The next morning she is convinced it was all a dream brought about by too much of the blood of Christ. But then, she begins feeling unusually nauseous. After an examination from the convent’s Dr. Gatto (Giampiero Judica) she is hauled before an informal tribunal. Father Tedeschi and the Deacon question her about her vows, with particular focus on one question: has she truly remained chaste? Confused and afraid, Cecilia insists that she has—and suddenly, the interrogation becomes a celebration. From the convent’s dusty, wood-paneled depths emerges an ultrasound machine, confirming that she is pregnant despite her virginity. Her baby must be the second coming of Christ. She looks on in horror, tears rolling down her cheeks.

Sydney Sweeney in Immaculate<span class="copyright">Courtesy of NEON</span>
Sydney Sweeney in ImmaculateCourtesy of NEON

“Your job is baby”

For a congregation witnessing an (almost) unprecedented miracle, the denizens of the convent are eerily prepared. They conduct a ceremony in which Cecilia is dressed in robes reminiscent of the Virgin Mary (which they just happened to have on hand, in her size), and she is quickly stripped of her various day-to-day tasks: “No work,” the Mother Superior tells her. “Your job is baby.”

But as her pregnancy progresses, she grows more uneasy. The other nuns give her a wide berth, bristling with uncertainty, awe, and resentment. Matters come to a head when Isabelle tries to drown Cecilia while she’s taking a bath, shouting cryptically, “You have to try again! It was supposed to be me!” The next day, Isabelle falls to her death from the convent roof—but her words still echo in Cecilia’s mind. She feels herself growing weaker by the day, but Father Tedeschi and Dr. Gatto refuse to let her visit a hospital.

Increasingly agitated by her friend’s state, Gwen has a public meltdown, demanding that Cecilia be taken for proper prenatal care. Later that night Cecilia goes looking for Gwen to discuss her fear, but the other nun is missing. She follows the sound of Gwen’s screams to find her friend tied up, struggling as her tongue is cut out.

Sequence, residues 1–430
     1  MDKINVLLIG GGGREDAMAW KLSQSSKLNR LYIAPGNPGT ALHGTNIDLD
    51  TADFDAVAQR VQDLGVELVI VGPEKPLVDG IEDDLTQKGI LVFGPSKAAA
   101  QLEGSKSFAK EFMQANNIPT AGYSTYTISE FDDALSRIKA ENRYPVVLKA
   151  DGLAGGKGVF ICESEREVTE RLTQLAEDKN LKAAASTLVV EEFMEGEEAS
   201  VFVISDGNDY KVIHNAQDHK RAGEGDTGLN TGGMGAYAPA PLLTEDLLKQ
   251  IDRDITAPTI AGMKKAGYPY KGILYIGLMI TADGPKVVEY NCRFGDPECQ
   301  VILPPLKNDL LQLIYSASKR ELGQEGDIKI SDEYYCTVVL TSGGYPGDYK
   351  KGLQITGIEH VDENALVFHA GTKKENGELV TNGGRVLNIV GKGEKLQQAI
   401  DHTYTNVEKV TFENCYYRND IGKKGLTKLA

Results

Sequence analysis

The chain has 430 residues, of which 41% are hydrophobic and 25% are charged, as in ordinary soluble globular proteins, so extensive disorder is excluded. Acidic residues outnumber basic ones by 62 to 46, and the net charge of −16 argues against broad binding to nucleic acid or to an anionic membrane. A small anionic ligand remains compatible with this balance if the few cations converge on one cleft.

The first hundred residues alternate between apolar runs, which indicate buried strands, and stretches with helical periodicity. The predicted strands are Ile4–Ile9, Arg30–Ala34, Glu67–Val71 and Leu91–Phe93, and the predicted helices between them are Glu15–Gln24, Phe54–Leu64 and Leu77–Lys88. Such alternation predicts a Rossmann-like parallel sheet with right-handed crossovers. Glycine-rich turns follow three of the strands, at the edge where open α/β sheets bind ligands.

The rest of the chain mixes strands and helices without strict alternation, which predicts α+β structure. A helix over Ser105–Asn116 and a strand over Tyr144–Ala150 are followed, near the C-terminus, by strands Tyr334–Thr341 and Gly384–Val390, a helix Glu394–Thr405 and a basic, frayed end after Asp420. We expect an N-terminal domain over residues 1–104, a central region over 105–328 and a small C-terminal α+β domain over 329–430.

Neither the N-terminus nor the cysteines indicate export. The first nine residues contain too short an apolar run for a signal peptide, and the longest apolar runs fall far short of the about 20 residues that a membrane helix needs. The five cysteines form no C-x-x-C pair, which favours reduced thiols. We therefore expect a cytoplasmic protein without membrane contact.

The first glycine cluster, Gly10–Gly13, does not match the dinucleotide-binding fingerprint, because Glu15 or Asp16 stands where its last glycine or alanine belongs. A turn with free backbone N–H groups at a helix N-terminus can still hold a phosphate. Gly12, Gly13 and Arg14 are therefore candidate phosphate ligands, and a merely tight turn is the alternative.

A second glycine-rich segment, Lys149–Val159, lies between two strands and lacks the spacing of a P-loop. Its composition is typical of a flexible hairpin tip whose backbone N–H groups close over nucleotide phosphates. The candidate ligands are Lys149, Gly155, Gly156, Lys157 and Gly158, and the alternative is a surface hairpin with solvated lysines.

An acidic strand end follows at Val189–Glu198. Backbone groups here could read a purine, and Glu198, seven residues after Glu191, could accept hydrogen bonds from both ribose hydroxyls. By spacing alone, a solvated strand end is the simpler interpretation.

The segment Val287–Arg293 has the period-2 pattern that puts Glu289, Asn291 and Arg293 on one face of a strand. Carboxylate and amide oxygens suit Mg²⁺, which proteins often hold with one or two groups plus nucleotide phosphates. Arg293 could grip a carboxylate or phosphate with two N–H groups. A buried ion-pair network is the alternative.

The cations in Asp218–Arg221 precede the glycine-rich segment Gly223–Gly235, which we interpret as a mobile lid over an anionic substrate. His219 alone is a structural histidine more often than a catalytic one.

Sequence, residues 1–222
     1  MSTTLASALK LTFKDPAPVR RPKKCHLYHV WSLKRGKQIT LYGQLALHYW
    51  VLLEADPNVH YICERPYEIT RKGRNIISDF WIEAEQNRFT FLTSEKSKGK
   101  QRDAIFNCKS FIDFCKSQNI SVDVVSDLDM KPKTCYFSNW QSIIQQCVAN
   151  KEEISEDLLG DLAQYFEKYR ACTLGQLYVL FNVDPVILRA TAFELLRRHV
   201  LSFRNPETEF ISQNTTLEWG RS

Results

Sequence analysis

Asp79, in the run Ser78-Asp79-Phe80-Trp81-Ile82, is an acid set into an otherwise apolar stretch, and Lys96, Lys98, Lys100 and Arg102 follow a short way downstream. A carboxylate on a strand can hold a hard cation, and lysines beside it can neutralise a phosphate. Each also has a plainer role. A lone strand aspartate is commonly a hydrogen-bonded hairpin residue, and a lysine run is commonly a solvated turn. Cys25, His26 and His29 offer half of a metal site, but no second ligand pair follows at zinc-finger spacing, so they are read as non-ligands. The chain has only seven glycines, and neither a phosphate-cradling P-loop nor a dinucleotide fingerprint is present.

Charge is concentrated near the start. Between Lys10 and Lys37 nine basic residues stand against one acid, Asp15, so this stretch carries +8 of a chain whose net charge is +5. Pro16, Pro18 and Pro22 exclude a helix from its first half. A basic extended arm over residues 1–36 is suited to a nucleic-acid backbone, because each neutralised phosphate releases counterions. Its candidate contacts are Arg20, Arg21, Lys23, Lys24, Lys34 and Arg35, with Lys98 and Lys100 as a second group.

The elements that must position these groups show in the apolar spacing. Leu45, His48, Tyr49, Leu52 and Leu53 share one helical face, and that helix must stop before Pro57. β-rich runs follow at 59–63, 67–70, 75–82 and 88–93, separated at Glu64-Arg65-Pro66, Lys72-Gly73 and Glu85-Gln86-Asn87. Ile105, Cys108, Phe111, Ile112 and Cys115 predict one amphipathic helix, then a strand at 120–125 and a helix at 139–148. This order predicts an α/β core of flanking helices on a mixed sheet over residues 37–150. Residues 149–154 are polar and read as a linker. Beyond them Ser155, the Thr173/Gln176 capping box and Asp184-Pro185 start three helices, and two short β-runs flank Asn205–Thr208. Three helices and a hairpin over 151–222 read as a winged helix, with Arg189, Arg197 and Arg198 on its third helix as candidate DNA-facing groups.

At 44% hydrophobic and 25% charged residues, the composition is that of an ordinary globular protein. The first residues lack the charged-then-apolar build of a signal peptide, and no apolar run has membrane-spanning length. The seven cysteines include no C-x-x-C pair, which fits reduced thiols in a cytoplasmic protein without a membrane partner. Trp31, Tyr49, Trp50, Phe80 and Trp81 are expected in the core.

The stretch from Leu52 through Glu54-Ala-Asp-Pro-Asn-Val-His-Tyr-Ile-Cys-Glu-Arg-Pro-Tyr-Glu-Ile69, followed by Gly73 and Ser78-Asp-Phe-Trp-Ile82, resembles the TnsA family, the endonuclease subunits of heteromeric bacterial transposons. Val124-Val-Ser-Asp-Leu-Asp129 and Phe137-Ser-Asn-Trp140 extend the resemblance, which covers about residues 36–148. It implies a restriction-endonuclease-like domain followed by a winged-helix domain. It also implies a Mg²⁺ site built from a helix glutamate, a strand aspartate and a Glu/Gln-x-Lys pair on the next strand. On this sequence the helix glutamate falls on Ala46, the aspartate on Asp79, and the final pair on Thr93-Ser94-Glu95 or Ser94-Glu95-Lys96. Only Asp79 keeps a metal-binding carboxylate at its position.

Her worst fears confirmed, Cecilia devises a plan to escape. Overcoming her aversion to chicken killing, she slaughters a bird and covers herself in its blood, crying out as though in pain to make Father Tedeschi believe the baby is in jeopardy. He packs her into the car to race her to the hospital, but they are only halfway there when the Mother Superior finds the dead chicken in Cecilia’s room and calls Father Tedeschi.

Realizing she’s been found out, Cecilia leaps from the car and sprints through picturesque rolling hills in a sequence that would be reminiscent of The Sound of Music if it weren’t for the dressing gown drenched in blood, and the fact that Father Tedeschi quickly catches her. Locked once again behind the gate, Cecilia is no longer in the convent’s good graces. She is tied to a wheelchair. To provide further insurance against her escape, Father Tedeschi sears the soles of her feet with a metal brand in the shape of a cross. And like any good villain, as he’s torturing her, he reveals his true plan.

Sydney Sweeney in Immaculate<span class="copyright">Courtesy of NEON</span>
Sydney Sweeney in ImmaculateCourtesy of NEON